Moon Park

Saturday, 20 December 2014


On an unassuming corner block, fringing the dodgier end of Redfern is Moon Park. With a name like that, you probably couldn't get any more Korean if you tried. And that's the aim, to deliver a decidedly modern and refined take on Korean cuisine in the heart of Sydney. South American food and BBQ was a bit of "a thing" some years ago, now there has been a resurgence of Korean venues with Ko&Co, Kim and Danjee leading the charge. Hello, kimchee and soju!  

Sea urchin and black garlic on seed biscuit. The first morsel to land on the table - a rather beautiful amuse bouche that ticks all the boxes. Salt, texture and delicate - you must have one each!

Once you ascend the winding staircase to the first level dining room, one is met with a pared-back fit out with accents in dark timber and tables winding around the outside verandah (surprisingly noisy). It's small, cosy and has homely vibe (a.k.a. wouldn't you love this to be your dining room) which suits to a tee. The front of house staff were great and really added to how enjoyable the meal was. The overwhelming feeling of the place was of a 'calm', perhaps 'before the storm' yes but everything was handled with efficiency and a smile. What more does a diner want?    


The dynamic duo in the kitchen: Ben Sears and Eun Hee An, both of whom are alumni of Claude's Credit: Anna Kucera for Time Out Sydney

The food takes traditional Korean and elevates it with stunning results. Small share plates are the name of the game, because you'll want to try a bit of everything. If one was feeling rather indulgent, you could take on the tasting menu which is the chef's selection from the menu. Vegetarian options abound and are pretty much encouraged. Everything looks enticing, just ask for some recommendations and you probably won't be disappointed.  

Charred eggplant, egg custard, pickled garlic scape and lotus jorim (left) and cauliflower with royal pine nut sauce, ohiji and charred ssamjang (right). Every element contributes something to the dish. The egg custard was wobbly and delicious with the lotus root

Bibimbap: oxtail and rice, walnuts, kohl rabi and cured egg yolk. Perhaps one the of my favourites. Underneath the layers of garnish was a delectable mix of perfectly cooked rice and meltingly tender oxtail. I would go back for this, in a heartbeat. You can find the recipe (and all its secrets) published at Gourmet Traveller

1/2 a BBQ holmbrae duck with blood sausage, pine nut and perilla leaf kimchi. The main event, the duck was cooked slightly under, the fat not quite rendered enough. Admittedly we were in a bit of a RUSH (first world problems) so probably couldn't allow enough time for the duck to rest etc properly (all those tedious things). I am certain under other circumstances they would have nailed it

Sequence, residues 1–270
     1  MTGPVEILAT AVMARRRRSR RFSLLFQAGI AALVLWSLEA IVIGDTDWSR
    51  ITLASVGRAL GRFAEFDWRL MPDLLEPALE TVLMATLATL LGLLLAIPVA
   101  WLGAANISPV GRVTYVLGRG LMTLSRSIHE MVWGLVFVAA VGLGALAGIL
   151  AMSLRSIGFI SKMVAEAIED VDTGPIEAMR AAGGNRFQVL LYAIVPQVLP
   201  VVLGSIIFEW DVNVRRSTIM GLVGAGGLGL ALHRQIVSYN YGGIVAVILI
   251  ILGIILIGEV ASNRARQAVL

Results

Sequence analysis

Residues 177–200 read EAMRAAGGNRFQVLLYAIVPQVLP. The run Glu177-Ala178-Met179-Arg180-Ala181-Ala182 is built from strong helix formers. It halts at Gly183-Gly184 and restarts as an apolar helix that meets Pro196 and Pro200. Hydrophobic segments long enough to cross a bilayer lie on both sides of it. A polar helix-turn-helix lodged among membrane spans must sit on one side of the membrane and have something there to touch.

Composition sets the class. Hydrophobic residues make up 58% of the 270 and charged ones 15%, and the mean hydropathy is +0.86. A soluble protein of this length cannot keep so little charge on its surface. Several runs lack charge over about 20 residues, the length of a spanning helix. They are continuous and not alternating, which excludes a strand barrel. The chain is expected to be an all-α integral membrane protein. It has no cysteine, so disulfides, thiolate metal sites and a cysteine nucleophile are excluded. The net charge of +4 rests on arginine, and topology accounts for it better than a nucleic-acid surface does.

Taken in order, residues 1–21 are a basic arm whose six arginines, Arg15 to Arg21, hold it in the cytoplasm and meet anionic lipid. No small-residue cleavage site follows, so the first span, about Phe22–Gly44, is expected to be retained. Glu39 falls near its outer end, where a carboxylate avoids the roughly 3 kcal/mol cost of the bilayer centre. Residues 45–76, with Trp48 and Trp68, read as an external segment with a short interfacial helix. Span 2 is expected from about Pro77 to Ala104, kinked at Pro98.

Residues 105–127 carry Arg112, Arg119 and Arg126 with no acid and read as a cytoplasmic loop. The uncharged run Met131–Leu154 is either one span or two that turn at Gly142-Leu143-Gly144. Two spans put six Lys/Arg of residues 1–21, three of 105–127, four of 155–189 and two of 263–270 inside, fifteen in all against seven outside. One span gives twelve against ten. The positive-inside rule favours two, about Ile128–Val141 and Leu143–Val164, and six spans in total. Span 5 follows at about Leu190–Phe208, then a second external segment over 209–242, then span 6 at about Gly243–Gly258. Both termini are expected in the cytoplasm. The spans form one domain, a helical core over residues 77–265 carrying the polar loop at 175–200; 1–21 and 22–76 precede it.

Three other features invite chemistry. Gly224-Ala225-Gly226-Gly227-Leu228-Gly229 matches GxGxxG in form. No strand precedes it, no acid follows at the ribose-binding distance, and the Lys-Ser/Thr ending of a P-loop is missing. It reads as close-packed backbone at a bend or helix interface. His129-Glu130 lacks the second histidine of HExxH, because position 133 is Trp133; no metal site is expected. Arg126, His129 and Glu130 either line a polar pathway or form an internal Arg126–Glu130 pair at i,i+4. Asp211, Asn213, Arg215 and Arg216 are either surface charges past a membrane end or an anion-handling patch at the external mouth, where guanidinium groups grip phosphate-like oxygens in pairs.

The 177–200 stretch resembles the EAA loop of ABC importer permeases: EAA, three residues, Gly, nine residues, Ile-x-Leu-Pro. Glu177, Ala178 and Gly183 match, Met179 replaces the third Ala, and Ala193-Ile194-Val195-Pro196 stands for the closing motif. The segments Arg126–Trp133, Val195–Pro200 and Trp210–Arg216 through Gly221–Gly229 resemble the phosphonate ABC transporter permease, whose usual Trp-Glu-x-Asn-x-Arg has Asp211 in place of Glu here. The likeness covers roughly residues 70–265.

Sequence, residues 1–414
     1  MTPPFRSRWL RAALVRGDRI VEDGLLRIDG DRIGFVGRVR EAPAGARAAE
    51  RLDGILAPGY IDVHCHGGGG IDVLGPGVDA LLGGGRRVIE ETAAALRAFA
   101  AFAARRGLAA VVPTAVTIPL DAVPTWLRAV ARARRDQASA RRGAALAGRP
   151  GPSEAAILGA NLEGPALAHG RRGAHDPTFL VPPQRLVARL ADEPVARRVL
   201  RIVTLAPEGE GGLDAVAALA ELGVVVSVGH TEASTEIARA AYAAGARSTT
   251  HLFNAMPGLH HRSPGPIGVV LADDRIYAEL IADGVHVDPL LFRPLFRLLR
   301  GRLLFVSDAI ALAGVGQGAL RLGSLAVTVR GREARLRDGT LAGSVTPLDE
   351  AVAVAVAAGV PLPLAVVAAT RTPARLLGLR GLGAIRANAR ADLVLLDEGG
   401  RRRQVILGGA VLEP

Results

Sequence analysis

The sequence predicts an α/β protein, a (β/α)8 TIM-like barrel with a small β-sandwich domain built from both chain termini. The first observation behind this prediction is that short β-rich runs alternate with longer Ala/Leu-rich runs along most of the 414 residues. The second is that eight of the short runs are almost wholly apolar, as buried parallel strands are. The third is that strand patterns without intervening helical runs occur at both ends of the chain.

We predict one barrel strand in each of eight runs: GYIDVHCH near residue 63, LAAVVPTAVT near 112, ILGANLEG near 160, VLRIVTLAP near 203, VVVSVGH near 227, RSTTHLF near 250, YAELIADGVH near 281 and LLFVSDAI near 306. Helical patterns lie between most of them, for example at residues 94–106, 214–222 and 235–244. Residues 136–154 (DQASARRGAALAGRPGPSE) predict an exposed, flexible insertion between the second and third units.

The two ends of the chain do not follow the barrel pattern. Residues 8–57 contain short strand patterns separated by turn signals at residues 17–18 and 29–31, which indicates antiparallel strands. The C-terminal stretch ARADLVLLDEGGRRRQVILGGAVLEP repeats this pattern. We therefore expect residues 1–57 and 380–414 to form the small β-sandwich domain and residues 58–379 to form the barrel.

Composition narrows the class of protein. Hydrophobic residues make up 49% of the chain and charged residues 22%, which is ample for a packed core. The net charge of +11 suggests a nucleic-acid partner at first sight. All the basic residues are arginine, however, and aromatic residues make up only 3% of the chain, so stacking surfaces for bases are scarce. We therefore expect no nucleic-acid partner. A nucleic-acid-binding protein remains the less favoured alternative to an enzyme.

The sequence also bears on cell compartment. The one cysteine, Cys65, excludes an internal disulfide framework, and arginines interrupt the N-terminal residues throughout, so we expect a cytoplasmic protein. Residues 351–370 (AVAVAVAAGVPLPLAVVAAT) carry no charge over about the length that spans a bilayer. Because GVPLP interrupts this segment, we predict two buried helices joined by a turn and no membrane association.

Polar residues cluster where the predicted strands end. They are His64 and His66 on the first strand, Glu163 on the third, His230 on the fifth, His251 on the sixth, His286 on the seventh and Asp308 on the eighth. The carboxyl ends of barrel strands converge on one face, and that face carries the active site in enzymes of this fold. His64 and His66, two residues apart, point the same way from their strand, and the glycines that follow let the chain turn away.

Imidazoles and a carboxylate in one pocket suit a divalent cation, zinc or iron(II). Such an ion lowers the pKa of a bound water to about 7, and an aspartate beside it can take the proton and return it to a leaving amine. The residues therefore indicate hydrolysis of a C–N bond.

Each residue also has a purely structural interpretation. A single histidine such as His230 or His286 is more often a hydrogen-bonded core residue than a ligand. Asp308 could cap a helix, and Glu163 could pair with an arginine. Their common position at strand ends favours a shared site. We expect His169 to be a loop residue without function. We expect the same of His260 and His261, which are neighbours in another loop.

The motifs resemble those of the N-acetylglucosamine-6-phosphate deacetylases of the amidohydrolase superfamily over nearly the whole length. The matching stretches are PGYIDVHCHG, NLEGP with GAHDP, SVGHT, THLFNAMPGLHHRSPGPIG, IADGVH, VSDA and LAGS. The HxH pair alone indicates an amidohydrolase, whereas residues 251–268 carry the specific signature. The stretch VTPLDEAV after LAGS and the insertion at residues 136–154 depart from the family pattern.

DOLCE (Sweeties)

"Moon pie": prune, muesli marshmallow, ginger jelly and white chocolate pudding. Totally winning with this one. A bit of this and that but even better when combined. The ginger jelly and white chocolate pudding were subtle in flavour and definitely not too sweet (something I greatly fear!)

Patbingsu: pear, red bean, shaved milk ice, burnt honey & bee pollen. This mushy bowl of ice is to be devoured in a matter of seconds (before it becomes a sloppy mess). A nice combination of ice and very Asian ingredients to make a refreshing palette cleanser

The quiet appreciation across the dining room, speaks volumes and the service was an absolute delight. I'm always on the look out for little restaurants like this, little gems I file away in my head. Maybe it's just me but some of the ridiculousness about securing a table for dinner these days has made me a bit non-plussed and perhaps even wary (beware the hype machine!). I just want to eat out and enjoy...it's really that simple! One of the lovely things about this place is its originality. Not many restaurants are delivering such unique and elegant food as this. Moon Park takes the essence of Korean food; balance of flavours, carefully thought out presentation to give us a distilled version of the original. Definitely worth a visit.

The minimalist but sleek dining room - job done. Credit: Anna Kucera for Time Out Sydney

Thanks for reading another instalment!
xGourmand
Moon Park on Urbanspoon

Ester

Tuesday, 9 December 2014



Ester, supposedly an organic compound but there's a bit more to it than that. Taking the Sydney dining scene by storm last year, Mat Lindsay's Ester has already been named Restaurant of the Year by Time Out. The praise is coming in thick and fast and so are the punters. Ester is running white hot - and it doesn't look to be changing anytime soon. It was my third time lucky, trying to get a table and that is absolutely no exaggeration! It. is. getting. ridiculous. Why Sydney, why?


Ester, rather luminous a.k.a. the failings of my point & shoot

To be fair, I'm just going to put it out there and say Ester is good. Very good. I'm always astounded by the quality of restaurants that Sydney is producing, not just now but for the past few years whilst I've had this little blog. Even after travelling a wee bit, I always come back appreciating Sydney's gems (or should I say, gold mine?) just a little bit more. Having booked a month in advance (aye, with a heavy heart), and for a special occasion (naturally) - we were inclined to order the set menu. If you can stomach that much delicious food, you should definitely go the whole hog. It's well worth it if not for the generous portions. A veritable feast awaits.